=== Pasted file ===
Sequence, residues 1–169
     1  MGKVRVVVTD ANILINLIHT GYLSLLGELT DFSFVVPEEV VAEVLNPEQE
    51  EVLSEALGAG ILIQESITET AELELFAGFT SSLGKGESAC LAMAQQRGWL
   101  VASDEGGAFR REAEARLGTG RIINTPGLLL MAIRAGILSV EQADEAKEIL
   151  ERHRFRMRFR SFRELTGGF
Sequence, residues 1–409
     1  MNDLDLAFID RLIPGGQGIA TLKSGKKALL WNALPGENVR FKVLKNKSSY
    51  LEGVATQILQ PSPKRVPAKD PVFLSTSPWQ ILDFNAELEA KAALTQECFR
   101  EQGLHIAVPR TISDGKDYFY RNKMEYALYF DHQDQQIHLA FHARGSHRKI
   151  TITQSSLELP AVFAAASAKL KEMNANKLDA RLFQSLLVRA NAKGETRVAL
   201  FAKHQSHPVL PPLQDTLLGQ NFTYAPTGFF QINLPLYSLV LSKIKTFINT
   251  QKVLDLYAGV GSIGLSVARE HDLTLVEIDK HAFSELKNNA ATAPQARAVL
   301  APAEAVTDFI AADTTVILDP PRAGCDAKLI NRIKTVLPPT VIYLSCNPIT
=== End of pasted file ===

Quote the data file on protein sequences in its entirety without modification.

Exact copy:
Sequence, residues 1–169
     1  MGKVRVVVTD ANILINLIHT GYLSLLGELT DFSFVVPEEV VAEVLNPEQE
    51  EVLSEALGAG ILIQESITET AELELFAGFT SSLGKGESAC LAMAQQRGWL
   101  VASDEGGAFR REAEARLGTG RIINTPGLLL MAIRAGILSV EQADEAKEIL
   151  ERHRFRMRFR SFRELTGGF
Sequence, residues 1–409
     1  MNDLDLAFID RLIPGGQGIA TLKSGKKALL WNALPGENVR FKVLKNKSSY
    51  LEGVATQILQ PSPKRVPAKD PVFLSTSPWQ ILDFNAELEA KAALTQECFR
   101  EQGLHIAVPR TISDGKDYFY RNKMEYALYF DHQDQQIHLA FHARGSHRKI
   151  TITQSSLELP AVFAAASAKL KEMNANKLDA RLFQSLLVRA NAKGETRVAL
   201  FAKHQSHPVL PPLQDTLLGQ NFTYAPTGFF QINLPLYSLV LSKIKTFINT
   251  QKVLDLYAGV GSIGLSVARE HDLTLVEIDK HAFSELKNNA ATAPQARAVL
   301  APAEAVTDFI AADTTVILDP PRAGCDAKLI NRIKTVLPPT VIYLSCNPIT